Therefore, the judge granted MGA Entertainment permission to persist with the sale and manufacture of these lines as long as they were promoted under a brand other than Bratz. MGA Entertainment were also required to remove all Bratz products from retailers’ shelves and reimburse the retailers for the merchandise removed. Furthermore, the judge ordered that MGA Entertainment hand over all recalled merchandise to Mattel so it could be disposed accordingly. Moreover, all molds, marketing materials, and other merchandise associated with the Bratz line had to be destroyed. As a result of this ruling, MGA Entertainment filed for a permanent stay of the injunction which was granted in February 2009. The stay remained effective until December 2009. However, the court granted MGA an immediate stay of the injunction. This lifted the recall on the Bratz product line which would have taken effect in January 2010. The reason for the ban lift was due in part to the draconian ruling that the judge had previously issued which required MGA Entertainment to hand over the Bratz product line to Mattel.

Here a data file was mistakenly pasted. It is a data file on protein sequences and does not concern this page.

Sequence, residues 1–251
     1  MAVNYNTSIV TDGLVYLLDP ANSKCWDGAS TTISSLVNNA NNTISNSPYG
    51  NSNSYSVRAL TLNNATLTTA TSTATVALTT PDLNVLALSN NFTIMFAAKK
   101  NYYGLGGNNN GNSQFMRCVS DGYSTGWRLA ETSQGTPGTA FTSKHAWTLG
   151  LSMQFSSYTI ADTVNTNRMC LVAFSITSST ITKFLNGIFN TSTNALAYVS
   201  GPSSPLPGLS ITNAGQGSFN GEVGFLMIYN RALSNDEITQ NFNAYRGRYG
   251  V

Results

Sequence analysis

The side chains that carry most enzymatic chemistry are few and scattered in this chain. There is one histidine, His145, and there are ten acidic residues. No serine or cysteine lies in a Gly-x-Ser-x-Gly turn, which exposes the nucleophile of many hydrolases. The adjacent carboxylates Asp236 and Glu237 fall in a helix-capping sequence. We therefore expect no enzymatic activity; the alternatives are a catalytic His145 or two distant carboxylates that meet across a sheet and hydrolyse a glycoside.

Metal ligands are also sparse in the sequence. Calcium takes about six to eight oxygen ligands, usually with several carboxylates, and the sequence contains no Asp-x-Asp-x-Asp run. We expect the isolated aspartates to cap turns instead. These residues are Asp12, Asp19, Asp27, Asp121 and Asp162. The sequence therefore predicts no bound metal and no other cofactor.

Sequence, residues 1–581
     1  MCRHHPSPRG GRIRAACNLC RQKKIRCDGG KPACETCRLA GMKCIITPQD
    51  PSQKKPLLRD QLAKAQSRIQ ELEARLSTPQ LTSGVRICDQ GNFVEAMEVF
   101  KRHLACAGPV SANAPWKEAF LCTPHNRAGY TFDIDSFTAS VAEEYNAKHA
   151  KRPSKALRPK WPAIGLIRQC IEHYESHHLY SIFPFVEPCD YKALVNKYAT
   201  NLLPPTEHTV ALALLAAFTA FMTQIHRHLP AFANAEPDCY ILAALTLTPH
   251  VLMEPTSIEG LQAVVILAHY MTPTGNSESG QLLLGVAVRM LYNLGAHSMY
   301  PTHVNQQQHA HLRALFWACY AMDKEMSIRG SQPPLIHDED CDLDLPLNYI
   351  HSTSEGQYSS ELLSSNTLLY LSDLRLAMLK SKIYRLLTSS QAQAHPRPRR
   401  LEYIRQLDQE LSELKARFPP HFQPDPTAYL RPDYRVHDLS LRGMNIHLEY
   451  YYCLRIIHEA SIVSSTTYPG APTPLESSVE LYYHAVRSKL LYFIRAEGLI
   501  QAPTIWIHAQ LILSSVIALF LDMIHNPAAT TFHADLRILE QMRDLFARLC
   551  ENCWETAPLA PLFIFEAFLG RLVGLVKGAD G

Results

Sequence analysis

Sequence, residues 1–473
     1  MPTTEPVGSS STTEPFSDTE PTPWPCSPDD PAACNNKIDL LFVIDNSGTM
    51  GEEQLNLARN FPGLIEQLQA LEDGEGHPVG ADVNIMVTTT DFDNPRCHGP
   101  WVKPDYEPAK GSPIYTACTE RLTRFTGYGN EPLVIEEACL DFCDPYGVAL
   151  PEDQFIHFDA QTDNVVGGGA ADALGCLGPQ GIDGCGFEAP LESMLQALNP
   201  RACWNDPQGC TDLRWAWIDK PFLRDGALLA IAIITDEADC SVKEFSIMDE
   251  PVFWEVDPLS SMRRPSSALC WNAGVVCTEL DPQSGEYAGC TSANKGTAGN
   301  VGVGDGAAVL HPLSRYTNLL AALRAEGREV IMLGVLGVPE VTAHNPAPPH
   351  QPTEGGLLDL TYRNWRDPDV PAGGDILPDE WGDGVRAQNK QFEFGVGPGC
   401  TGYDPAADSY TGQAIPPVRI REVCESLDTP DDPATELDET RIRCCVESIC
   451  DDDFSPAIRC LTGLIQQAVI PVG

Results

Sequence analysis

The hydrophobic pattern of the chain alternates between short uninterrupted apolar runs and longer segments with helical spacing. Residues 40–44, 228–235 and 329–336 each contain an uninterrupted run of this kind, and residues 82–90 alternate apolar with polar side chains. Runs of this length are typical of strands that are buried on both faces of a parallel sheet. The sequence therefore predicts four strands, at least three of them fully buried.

Section 505 of the Copyright Act allows for the award of full costs and reasonable attorney’s fees to the prevailing party. Noting that the prevailing party is not always entitled to recover its costs, the court reasoned that that the exercise of its discretion in this case is guided by a single equitable inquiry: did the successful prosecution or defense further the purposes of the Copyright Act?